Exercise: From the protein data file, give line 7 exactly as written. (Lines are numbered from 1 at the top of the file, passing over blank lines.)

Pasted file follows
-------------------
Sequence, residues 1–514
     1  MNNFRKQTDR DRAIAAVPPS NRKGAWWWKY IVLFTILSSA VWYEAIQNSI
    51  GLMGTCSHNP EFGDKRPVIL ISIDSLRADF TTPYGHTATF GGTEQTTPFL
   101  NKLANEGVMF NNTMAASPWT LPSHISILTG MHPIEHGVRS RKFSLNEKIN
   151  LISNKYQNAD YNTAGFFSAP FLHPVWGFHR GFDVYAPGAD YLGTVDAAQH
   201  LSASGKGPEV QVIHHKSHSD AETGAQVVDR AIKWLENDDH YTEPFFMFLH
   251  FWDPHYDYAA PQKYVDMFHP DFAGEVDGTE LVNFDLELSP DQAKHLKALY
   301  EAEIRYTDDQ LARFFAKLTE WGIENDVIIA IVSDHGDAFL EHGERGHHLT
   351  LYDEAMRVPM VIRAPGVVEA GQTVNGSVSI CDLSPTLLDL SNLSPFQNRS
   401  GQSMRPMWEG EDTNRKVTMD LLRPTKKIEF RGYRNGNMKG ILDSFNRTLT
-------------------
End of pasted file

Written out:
   251  FWDPHYDYAA PQKYVDMFHP DFAGEVDGTE LVNFDLELSP DQAKHLKALY